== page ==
5 Keys for all Beginner Runners
Seasoned runners make it look easy, but the truth of the matter is that starting a running routine is hard work.
Beginning runners have a lot of distance to cover until their new endeavor becomes habitual. In the miles between, it takes persistence, dedication and a little bit of strain to push through the growing pains of establishing yourself as a runner.
While some of this struggle comes from the simple fact that running is hard work — and harder when you haven’t done it consistently — many beginning runners are hampered from a lack of information.
It’s easy to go out and buy a new pair of running shoes, but understanding all the variables affecting your running experience and performance isn’t as easily accomplished. On top of that, there’s plenty of misinformation that circulates, especially on the Internet, and points beginners in the wrong direction.
There’s no magic potion to make running easy, but with proper guidance any beginning runner can avoid some common pitfalls while better directing their own progression and growth. Here are five of the most important lessons you need to learn as a beginner runner.
1. Strength Training is critical to running injury-free
Running is an aerobic exercise, so most new runners are led to believe that cardiovascular training is the best supplement to running fitness.
However, running also puts muscles, tendons, ligaments and joints under sustained periods of stress, and this stress can lead to injuries if it is not properly managed.
Strength training is one of the best ways to strengthen your structural system and stay injury-free. Strength training can be done in a weight room if available, but you can also get a valuable workout on your living room floor — use leg lifts, hip thrusts, lunges and wall squats to strength train without exercise equipment.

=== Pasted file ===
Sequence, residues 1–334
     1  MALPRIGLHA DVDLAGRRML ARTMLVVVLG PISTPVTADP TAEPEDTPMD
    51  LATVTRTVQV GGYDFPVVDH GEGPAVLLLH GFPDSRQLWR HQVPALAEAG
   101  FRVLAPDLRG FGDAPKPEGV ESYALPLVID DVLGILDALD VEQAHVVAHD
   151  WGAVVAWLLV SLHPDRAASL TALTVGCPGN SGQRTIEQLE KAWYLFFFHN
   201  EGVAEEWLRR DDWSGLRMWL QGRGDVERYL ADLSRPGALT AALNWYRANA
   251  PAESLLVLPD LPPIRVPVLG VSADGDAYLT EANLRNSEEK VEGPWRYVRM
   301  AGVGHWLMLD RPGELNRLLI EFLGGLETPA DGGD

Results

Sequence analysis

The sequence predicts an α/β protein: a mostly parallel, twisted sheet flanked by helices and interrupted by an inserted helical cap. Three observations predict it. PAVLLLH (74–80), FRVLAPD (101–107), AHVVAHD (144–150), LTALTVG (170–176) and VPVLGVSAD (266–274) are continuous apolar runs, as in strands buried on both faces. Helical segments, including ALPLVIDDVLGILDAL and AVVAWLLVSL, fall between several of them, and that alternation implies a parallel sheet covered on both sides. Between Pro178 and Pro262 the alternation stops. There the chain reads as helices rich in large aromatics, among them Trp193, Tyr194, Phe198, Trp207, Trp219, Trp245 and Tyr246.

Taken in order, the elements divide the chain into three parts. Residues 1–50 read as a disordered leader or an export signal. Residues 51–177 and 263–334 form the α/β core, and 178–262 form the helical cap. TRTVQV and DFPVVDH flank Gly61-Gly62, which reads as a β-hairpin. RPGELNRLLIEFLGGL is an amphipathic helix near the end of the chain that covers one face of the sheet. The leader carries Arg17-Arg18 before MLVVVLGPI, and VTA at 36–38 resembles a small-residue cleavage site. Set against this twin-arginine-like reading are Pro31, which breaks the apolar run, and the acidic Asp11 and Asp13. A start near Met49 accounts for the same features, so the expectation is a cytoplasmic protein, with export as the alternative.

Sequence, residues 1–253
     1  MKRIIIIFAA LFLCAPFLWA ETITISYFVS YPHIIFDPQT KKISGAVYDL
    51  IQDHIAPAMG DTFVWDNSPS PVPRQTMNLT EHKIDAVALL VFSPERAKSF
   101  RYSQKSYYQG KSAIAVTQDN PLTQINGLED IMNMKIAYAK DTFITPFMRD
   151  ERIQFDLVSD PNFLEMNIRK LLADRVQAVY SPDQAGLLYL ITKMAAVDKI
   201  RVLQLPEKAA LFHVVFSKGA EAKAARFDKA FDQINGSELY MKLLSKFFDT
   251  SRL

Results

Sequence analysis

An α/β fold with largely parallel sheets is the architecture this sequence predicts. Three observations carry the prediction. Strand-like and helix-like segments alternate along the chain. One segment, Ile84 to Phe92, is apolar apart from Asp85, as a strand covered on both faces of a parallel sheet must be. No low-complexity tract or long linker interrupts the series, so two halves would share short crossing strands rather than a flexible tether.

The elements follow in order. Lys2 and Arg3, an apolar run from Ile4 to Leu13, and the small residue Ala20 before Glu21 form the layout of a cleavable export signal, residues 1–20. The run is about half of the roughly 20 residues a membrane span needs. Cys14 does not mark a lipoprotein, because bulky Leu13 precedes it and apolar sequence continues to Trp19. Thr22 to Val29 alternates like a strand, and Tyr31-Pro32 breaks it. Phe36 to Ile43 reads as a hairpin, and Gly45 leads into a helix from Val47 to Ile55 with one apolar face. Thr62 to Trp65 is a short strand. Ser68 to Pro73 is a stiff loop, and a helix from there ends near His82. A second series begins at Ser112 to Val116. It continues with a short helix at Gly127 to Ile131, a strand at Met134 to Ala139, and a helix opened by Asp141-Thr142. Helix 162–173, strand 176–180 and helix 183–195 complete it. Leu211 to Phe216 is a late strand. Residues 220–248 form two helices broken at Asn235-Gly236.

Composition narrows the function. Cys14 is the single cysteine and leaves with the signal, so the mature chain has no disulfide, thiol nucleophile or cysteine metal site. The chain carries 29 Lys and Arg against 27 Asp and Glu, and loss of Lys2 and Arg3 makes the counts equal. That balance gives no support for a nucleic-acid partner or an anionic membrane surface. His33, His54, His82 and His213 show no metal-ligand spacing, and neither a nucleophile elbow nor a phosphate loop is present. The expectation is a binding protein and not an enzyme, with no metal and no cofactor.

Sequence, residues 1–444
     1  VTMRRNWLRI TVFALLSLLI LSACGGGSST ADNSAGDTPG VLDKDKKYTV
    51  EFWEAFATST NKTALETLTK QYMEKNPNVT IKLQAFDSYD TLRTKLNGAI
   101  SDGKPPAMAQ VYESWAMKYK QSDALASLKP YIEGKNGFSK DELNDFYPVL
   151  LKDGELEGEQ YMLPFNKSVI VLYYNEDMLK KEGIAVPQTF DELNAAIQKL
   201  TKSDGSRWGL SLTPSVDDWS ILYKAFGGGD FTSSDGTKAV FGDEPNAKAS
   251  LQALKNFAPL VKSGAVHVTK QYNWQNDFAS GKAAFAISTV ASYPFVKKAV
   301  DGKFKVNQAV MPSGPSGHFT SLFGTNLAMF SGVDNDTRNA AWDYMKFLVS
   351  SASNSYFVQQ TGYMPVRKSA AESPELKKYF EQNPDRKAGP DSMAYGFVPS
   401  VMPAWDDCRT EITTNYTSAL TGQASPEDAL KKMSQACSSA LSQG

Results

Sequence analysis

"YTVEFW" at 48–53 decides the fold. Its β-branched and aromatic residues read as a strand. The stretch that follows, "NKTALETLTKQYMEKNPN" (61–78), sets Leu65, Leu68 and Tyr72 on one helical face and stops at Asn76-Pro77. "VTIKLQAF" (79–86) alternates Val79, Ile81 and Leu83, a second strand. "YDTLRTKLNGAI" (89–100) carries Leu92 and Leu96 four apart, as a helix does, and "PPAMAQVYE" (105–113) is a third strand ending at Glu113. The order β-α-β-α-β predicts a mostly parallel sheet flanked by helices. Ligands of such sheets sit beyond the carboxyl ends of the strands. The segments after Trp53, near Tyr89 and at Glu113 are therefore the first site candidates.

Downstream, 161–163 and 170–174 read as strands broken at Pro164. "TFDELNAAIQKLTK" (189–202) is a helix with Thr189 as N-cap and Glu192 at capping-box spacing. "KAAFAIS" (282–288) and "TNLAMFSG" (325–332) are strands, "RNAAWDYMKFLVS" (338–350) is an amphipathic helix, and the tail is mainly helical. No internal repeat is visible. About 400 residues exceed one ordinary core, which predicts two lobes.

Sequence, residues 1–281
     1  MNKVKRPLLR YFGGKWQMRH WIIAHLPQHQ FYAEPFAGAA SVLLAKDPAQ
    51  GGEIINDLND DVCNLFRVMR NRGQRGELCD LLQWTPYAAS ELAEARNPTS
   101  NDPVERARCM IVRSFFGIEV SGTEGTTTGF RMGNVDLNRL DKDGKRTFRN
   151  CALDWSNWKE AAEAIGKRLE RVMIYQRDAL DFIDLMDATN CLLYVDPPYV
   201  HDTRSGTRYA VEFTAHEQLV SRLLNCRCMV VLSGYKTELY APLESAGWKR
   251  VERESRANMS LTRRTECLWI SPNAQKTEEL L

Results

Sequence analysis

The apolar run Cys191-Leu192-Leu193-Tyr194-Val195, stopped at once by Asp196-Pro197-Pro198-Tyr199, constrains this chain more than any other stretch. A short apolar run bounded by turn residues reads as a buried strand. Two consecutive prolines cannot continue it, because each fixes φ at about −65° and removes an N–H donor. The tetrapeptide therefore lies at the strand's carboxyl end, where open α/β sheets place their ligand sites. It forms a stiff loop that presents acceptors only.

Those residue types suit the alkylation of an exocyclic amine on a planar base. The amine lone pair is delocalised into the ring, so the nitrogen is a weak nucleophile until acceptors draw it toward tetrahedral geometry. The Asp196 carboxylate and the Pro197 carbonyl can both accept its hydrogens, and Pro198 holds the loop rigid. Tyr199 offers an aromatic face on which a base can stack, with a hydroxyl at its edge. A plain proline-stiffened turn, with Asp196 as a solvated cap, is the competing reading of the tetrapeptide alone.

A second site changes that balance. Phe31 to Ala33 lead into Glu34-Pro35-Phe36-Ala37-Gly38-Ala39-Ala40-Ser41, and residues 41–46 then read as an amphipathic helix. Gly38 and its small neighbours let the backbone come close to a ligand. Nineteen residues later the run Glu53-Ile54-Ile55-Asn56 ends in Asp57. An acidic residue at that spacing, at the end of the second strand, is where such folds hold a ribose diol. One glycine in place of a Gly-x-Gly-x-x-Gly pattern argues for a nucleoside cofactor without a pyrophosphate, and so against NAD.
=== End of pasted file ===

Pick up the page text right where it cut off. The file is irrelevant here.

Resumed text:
The most important areas of focus for beginners are the hips and the core.
Research has shown weak hips are the primary cause of IT band pain, patella tendonitis (runner’s knee), piriformis issues, sciatica, and a myriad of other common running injuries.
If you do these exercises as a supplement to your running, you could significantly reduce your risk of a nagging injury.
2. Learn to run with proper form
A single run can result in thousands of steps being taken on the streets. When improper form is present, each step places unnecessary strain somewhere in the body — and this strain is a breeding ground for injuries and chronic pain.
Proper form should be employed throughout the body not only to prevent injuries, but also to improve your running efficiency by maximizing your mechanics.
The upper body should be leaned slightly forward, from the ankles, to help generate proper extension at the hip.
Arms should be relaxed and swinging to facilitate forward motion.
Your hips should be fully extended to capitalize on the elastic energy contained in the hip flexors and to allow your foot to contact the ground directly under your center of mass.
How your foot strikes the ground (heel, mid foot or forefoot) is not important if your leg is directly under you when it contacts the ground.
The easiest way to perfect your own running form is to improve your cadence.
Start by counting the number of times your left foot hits the ground whilst running for 30 seconds. Let’s imagine yours was 40. Double that to get the total for 60 seconds (80); then double it again to get the total for both feet (160). Your cadence (for that particular running speed) is therefore 160spm.